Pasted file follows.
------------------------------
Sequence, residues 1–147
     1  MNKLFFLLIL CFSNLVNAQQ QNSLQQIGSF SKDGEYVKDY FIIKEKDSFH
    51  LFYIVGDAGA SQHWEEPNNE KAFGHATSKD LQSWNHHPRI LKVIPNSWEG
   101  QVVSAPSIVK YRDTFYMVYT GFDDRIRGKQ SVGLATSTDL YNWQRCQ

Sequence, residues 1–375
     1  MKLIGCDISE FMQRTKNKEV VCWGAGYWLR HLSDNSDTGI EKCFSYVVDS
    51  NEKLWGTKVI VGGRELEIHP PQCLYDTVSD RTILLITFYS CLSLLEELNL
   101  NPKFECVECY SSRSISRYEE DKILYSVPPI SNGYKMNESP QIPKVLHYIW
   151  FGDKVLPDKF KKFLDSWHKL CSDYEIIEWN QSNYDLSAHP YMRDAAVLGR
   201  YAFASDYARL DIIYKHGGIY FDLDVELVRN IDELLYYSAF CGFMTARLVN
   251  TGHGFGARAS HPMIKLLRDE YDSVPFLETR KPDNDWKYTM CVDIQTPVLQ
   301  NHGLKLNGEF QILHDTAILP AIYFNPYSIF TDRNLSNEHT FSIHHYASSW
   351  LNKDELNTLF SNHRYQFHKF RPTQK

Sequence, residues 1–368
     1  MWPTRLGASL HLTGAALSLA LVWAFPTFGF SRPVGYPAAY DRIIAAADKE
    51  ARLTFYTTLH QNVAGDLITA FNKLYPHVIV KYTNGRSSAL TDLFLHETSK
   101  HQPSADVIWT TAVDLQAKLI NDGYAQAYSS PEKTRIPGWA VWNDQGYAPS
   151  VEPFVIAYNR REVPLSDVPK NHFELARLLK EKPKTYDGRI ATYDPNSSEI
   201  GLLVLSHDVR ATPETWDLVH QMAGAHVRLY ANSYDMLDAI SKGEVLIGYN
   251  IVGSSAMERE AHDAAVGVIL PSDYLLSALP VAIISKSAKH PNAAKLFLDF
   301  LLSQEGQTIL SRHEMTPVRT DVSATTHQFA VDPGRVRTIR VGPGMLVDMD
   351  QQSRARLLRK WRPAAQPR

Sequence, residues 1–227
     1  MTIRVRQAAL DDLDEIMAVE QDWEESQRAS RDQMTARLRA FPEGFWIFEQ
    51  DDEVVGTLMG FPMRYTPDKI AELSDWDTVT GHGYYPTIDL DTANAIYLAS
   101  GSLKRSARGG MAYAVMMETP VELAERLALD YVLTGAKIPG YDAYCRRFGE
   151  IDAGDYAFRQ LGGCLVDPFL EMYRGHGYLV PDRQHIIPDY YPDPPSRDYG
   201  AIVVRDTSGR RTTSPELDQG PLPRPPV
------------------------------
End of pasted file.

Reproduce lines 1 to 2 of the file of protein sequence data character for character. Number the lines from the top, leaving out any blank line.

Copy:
Sequence, residues 1–147
     1  MNKLFFLLIL CFSNLVNAQQ QNSLQQIGSF SKDGEYVKDY FIIKEKDSFH